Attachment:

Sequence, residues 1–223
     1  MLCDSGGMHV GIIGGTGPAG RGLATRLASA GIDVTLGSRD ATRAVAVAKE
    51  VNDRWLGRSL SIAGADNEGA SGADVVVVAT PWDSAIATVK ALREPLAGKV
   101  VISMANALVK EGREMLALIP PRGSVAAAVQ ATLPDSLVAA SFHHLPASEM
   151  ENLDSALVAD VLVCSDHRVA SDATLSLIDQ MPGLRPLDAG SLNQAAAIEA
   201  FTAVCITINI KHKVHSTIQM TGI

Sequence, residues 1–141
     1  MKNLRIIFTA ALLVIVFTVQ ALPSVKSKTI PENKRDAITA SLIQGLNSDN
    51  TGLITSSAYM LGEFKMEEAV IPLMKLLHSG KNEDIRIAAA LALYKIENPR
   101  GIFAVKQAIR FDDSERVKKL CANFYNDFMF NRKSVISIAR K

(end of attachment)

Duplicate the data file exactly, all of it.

Sequence, residues 1–223
     1  MLCDSGGMHV GIIGGTGPAG RGLATRLASA GIDVTLGSRD ATRAVAVAKE
    51  VNDRWLGRSL SIAGADNEGA SGADVVVVAT PWDSAIATVK ALREPLAGKV
   101  VISMANALVK EGREMLALIP PRGSVAAAVQ ATLPDSLVAA SFHHLPASEM
   151  ENLDSALVAD VLVCSDHRVA SDATLSLIDQ MPGLRPLDAG SLNQAAAIEA
   201  FTAVCITINI KHKVHSTIQM TGI

Sequence, residues 1–141
     1  MKNLRIIFTA ALLVIVFTVQ ALPSVKSKTI PENKRDAITA SLIQGLNSDN
    51  TGLITSSAYM LGEFKMEEAV IPLMKLLHSG KNEDIRIAAA LALYKIENPR
   101  GIFAVKQAIR FDDSERVKKL CANFYNDFMF NRKSVISIAR K